This opinion will be unpublished and
may not be cited except as provided by
Minn. Stat. § 480A.08, subd. 3 (1998).
STATE OF MINNESOTA
IN COURT OF APPEALS
State of Minnesota,
Stephen Thomas Schouenborg,
Filed December 7, 1999
Itasca County District Court
File No. K7-97-1934
Mike Hatch, Attorney General, Margaret H. Chutich, Assistant Attorney General, 525 Park St., Suite 500, St. Paul, MN 55103; and
John J. Muhar, Itasca County Attorney, 123 Fourth St. N.E., Grand Rapids, MN 55744 (for respondent)
John M. Stuart, State Public Defender, Ann Brom McCaughan, Assistant State Public Defender, 2829 University Ave. S.E., Minneapolis, MN 55414-3230 (for appellant)
Considered and decided by Klaphake, Presiding Judge, Forsberg, Judge,[*] and Mulally, Judge.[**]
U N P U B L I S H E D O P I N I O N
Appellant Stephen Schouenborg challenges the trial court’s denial of his request to withdraw his guilty plea to second-degree murder. Because we find no error in the trial court’s conclusions that Schouenborg did not meet either of the two standards set forth in Minn. R. Crim. P. 15.05 for withdrawal of a guilty plea, we affirm.
D E C I S I O N
Two standards for withdrawal of a guilty plea are set forth in rule 15.05. Under the first, an accused has the right to withdraw a guilty plea after sentencing to correct a "manifest injustice":
The court shall allow a defendant to withdraw a plea of guilty upon a timely motion and proof to the satisfaction of the court that withdrawal is necessary to correct a manifest injustice.
Minn. R. Crim. P. 15.05, subd. 1. Manifest injustice occurs if the plea "is not accurate, voluntary, and intelligent." Perkins v. State, 559 N.W.2d 678, 688 (Minn. 1997).
Under the second standard, a court has discretion to allow withdrawal of a plea before sentencing,
if it is fair and just to do so, giving due consideration to the reasons advanced by the defendant in support of the motion and any prejudice the granting of the motion would cause the prosecution by reason of actions taken in reliance upon the defendant’s plea.
Minn. R. Crim. P. 15.05, subd. 2.
Schouenborg argues that he is entitled to withdraw his guilty plea to correct a manifest injustice because the plea was not knowing or voluntary. Alternatively, he argues that, because his plea was not voluntary, the trial court should have allowed him to withdraw it under the "fair and just" standard.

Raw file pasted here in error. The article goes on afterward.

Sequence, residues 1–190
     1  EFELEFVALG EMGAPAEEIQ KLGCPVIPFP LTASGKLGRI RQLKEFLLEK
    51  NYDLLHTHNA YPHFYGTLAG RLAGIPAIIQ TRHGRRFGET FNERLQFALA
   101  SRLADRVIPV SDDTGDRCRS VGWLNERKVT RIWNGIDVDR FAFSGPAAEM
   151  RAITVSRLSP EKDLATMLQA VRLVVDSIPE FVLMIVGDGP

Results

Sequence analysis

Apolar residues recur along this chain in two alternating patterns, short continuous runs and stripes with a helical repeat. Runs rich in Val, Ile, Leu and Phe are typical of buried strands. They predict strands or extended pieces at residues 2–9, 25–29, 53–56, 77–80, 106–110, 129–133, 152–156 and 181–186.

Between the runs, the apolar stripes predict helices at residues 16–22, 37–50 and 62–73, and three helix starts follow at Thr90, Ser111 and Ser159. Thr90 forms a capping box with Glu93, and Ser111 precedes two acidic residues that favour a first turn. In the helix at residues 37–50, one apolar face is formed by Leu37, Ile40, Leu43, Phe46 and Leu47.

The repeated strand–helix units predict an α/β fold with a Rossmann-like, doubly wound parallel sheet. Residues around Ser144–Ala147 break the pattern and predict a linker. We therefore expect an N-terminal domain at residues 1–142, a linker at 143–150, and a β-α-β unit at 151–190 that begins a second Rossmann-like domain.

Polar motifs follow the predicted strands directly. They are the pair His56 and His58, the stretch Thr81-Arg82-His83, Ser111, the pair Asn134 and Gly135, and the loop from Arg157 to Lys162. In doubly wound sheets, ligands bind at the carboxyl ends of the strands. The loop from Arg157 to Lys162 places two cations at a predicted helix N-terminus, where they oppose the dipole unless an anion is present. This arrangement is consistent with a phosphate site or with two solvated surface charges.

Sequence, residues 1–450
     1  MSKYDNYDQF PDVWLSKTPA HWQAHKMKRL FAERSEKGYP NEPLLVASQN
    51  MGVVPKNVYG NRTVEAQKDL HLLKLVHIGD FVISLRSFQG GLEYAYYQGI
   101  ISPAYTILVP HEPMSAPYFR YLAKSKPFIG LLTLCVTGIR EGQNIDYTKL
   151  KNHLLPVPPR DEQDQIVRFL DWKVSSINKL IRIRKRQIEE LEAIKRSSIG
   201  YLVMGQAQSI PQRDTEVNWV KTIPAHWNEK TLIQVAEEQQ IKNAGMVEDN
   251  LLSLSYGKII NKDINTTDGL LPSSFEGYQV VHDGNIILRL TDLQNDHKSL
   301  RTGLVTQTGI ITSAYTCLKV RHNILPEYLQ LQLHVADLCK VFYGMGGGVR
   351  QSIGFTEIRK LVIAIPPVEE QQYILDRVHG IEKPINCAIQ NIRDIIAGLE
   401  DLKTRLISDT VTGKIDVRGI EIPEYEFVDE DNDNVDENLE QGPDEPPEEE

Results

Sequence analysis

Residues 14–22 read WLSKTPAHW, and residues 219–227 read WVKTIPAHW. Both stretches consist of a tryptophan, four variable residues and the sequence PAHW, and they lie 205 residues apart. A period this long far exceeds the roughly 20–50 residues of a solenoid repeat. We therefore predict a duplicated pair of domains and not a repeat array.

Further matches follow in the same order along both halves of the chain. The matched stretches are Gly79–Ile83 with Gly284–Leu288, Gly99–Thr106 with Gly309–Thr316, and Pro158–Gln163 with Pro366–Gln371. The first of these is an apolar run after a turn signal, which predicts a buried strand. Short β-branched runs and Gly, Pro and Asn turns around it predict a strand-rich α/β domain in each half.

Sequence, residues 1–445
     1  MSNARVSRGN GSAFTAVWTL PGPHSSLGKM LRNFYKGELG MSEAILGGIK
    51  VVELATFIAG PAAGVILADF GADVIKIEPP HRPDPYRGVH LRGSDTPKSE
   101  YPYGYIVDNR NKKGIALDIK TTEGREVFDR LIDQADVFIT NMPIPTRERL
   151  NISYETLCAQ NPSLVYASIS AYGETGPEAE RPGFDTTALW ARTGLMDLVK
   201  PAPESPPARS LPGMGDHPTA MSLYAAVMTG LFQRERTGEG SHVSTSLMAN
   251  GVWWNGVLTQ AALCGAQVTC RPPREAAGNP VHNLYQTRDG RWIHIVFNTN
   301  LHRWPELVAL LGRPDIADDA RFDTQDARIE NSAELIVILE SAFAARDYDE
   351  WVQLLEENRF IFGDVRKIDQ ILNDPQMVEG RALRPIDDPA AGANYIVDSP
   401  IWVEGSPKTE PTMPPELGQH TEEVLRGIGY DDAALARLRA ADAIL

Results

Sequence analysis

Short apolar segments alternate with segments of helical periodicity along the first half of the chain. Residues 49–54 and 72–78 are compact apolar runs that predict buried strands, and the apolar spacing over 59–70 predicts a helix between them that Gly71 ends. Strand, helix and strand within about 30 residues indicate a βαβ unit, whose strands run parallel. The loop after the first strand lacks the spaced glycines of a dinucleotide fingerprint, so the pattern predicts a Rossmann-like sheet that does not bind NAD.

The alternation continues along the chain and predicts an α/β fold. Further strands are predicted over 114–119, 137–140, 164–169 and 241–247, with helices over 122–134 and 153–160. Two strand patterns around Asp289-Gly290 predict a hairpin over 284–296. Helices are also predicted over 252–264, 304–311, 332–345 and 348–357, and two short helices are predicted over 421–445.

We conclude that the trial court did not err in denying Schouenborg’s motion to withdraw his plea under either standard set forth in rule 15.05. The record reflects that the trial court made a deliberate and thorough inquiry into Schouenborg’s overall mental abilities as well as his learning disability. The court granted Schouenborg’s motion for an examination of his mental competency under Minn. R. Crim. P. 20. After reviewing the results of the rule 20 examination, including reviewing the hearing record and testimony, the court determined that Schouenborg was mentally competent. The court also had the opportunity to observe Schouenborg during his plea hearing, including Schouenborg’s pertinent responses concerning the knowing and voluntary nature of his plea and his disavowal of any improper pressure or inducement to plead guilty. The plea hearing record was adequate to support Schouenborg’s plea. Thus, the circumstances surrounding Schouenborg’s plea demonstrate that his plea was knowingly and voluntarily made and do not require withdrawal of the plea to correct a manifest injustice.
Schouenborg also argues that given his learning disability, the trial court should have allowed him to withdraw his guilty plea because it would have been fair and just to do so. Although the supreme court has not expressed clear parameters defining a "fair and just" standard, it has said that the "fair and just" language of the rule does not include an "absolute right" to withdraw a guilty plea. See Kim v. State, 434 N.W.2d. 263, 266 (Minn. 1989). Moreover, the defendant has the burden to prove that his plea should be withdrawn under the "fair and just" standard, and the trial court has discretion to determine what facts and circumstances warrant withdrawal of a guilty plea under this standard. State v. Kaiser, 469 N.W.2d 316, 319-20 (Minn. 1991). The supreme court has cautioned that we must guard against a standard that "would undermine the integrity of the plea-taking process." Kim, 434 N.W.2d at 366 (citation omitted). Based on the district court’s thorough examination and review of Schouenborg’s overall mental abilities and his demonstrated mental capacity at his plea hearing, he has not met his burden of proving that his plea should be withdrawn under the "fair and just" standard. Thus, the trial court did not abuse its discretion in denying his motion to withdraw his guilty plea under this standard.
Finally, Schouenborg filed a separate pro se brief raising various claims. We have fully considered these claims and conclude that they are without merit.
Affirmed.[*] Retired judge of the Minnesota Court of Appeals, serving by appointment pursuant to Minn. Const. art. VI, § 10.
[**] Retired judge of the district court, serving as judge of the Minnesota Court of Appeals by appointment pursuant to Minn. Const. art. VI, § 10.